A regional look at Canada’s housing bubble: Part 2

Note to my readers:  Due to some technical problems, I was not able to make any posts this weekend.  My apologies.

In part 1 of this mini series, we examined house prices from BC east to Ontario.  Today we will examine provinces east of Quebec.  As mentioned before, Quebec resales data is not owned directly by CREA, so I’ve had to endeavor to obtain that data from the realtor association in Quebec.  I’m hoping to have that data later this week to complete the series.

New Brunswick

By and large, New Brunswick house prices look fairly valued on the basis of GDP per capita.

Not too much to be concerned about here.  Housing has largely paced the level of economic expansion, perhaps even lagging slightly from the late 90s onwards.

Nova Scotia

Once again, nothing to be particularly alarmed by here.  Housing may be marginally over extended, but certainly not meaningfully.

Prince Edward Island

PEI is an interesting case.  Once again we see that the particular starting point has a significant impact on the overall trend.  In this case, housing lost some 30% of its value in the three year period after 1981 (the start of the graph).  Using 1981 as a starting point yields a graph that indicates serious undervaluation in real estate on the island.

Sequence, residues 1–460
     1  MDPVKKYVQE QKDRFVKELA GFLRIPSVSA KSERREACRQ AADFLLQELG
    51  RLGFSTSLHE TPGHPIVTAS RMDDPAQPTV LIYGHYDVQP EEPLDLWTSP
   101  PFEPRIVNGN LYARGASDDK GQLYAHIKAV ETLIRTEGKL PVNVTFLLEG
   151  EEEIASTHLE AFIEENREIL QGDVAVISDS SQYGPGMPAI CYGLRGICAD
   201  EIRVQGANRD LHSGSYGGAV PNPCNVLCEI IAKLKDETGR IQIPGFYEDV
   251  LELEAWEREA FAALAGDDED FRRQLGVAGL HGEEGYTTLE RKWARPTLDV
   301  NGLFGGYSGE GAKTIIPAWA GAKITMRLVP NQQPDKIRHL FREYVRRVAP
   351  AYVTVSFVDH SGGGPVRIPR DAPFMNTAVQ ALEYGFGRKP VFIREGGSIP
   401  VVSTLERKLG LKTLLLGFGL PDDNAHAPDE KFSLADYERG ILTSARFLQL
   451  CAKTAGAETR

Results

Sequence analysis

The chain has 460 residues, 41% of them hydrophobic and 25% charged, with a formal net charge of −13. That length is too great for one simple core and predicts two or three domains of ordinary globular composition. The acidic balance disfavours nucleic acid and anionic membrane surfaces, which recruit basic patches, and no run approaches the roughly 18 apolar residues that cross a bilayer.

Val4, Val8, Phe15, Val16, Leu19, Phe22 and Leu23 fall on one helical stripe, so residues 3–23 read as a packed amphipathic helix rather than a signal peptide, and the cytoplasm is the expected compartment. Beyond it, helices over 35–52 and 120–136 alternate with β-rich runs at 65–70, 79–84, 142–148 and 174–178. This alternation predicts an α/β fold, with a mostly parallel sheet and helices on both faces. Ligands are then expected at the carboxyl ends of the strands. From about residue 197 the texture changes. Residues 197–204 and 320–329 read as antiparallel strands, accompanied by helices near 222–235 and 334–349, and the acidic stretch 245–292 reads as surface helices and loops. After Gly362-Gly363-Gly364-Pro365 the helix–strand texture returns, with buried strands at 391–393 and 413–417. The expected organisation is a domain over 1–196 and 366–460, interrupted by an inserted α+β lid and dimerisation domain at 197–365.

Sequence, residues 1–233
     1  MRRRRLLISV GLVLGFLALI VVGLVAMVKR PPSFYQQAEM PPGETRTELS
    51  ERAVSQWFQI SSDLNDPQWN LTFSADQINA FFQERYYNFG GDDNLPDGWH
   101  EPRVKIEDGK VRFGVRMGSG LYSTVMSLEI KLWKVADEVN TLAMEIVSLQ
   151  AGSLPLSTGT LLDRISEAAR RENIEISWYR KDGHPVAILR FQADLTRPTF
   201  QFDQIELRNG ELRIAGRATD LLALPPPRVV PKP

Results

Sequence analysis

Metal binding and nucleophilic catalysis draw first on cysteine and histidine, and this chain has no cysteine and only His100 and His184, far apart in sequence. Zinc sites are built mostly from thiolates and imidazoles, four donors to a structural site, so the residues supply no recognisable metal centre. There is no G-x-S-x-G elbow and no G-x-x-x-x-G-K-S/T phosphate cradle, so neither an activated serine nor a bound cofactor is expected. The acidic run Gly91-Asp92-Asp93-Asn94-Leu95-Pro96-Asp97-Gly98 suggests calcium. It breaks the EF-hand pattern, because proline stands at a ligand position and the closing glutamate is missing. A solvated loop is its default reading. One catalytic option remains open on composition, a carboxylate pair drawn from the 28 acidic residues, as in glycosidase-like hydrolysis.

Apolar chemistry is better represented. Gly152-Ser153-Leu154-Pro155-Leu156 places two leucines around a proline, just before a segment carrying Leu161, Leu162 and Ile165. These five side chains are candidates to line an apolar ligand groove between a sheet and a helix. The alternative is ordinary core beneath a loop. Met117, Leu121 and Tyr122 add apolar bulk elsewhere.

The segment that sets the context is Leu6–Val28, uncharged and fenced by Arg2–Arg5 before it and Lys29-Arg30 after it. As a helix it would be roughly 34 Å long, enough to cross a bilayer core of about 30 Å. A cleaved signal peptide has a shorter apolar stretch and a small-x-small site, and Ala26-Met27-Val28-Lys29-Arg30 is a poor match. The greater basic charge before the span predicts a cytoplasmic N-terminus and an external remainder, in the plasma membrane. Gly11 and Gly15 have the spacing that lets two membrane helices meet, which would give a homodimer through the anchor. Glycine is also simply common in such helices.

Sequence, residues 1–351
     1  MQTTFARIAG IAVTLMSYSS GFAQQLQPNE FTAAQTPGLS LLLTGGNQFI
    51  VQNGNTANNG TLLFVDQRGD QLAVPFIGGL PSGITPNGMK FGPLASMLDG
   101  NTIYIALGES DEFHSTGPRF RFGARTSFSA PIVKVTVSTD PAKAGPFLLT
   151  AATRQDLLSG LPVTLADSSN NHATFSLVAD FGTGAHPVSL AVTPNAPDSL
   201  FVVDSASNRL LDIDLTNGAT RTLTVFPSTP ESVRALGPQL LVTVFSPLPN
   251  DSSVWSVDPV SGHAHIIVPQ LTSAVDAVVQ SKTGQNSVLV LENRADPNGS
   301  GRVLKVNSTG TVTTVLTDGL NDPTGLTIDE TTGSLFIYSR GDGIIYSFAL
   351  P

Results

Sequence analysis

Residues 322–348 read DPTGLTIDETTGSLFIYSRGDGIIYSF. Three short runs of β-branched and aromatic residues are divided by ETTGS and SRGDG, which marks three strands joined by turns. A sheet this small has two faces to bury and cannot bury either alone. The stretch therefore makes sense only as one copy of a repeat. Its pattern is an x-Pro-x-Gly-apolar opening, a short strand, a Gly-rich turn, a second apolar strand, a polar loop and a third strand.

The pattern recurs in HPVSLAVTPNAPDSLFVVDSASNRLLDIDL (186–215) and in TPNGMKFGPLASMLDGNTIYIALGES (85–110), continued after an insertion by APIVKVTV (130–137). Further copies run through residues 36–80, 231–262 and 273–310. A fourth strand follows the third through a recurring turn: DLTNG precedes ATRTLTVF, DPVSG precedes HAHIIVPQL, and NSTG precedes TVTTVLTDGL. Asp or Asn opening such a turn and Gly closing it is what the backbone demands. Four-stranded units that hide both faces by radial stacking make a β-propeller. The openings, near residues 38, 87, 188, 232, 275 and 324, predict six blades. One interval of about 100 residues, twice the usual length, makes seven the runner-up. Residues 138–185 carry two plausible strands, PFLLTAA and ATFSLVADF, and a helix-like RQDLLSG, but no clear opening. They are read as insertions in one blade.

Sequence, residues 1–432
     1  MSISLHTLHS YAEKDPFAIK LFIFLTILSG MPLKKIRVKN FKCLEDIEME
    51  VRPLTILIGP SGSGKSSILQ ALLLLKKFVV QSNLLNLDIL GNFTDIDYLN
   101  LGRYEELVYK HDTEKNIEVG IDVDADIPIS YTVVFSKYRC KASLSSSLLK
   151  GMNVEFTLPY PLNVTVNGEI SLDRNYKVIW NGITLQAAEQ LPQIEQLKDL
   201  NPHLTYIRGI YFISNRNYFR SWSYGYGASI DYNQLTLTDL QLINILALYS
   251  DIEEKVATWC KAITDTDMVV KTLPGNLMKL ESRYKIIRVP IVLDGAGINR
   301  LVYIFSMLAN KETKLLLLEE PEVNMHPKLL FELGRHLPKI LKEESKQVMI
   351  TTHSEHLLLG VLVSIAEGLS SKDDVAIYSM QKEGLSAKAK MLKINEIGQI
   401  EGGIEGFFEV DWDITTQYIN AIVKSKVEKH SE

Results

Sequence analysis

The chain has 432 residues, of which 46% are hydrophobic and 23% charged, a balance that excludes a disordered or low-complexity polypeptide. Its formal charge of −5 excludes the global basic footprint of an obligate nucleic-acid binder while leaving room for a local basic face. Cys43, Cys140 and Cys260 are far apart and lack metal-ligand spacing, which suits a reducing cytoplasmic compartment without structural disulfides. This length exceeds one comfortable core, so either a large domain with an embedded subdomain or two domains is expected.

This is rather curious.  If we look at house prices divided by GDP per capita, we note that in 1981 at the start of the graph, housing on the island was 7 times GDP per capita, or roughly 75% above its long-term mean.  The subsequent correction brought house prices back in line with underlying GDP.

Once again at the risk of being accused of data mining, I advanced the start date.  If indeed PEI was correcting from a level of pre-existing overvaluation in 1981 as the above chart suggests, then it would make sense to advance the time line.  What a difference three years makes…

Based on the metric of GDP per capita, house prices in PEI reflect fair valuation and perhaps an degree of undervaluation.

Newfoundland

On the basis of per capita GDP, house prices in Newfoundland are by far the most reasonable in Canada.  In fact, they appear to be significantly undervalued.

The fine folks in Newfoundland can sleep easy knowing that a nation wide housing bust will likely impact them marginally.

Conclusion

On the basis of per capita GDP, there seems to be a clear east/west divide between the ‘overvalued’ provinces and those that appear fairly valued by this metric.  What may surprise some of my readers is that this line seems to lie east of Ontario, as most provinces from Ontario to BC exhibit significant levels of housing overvaluation.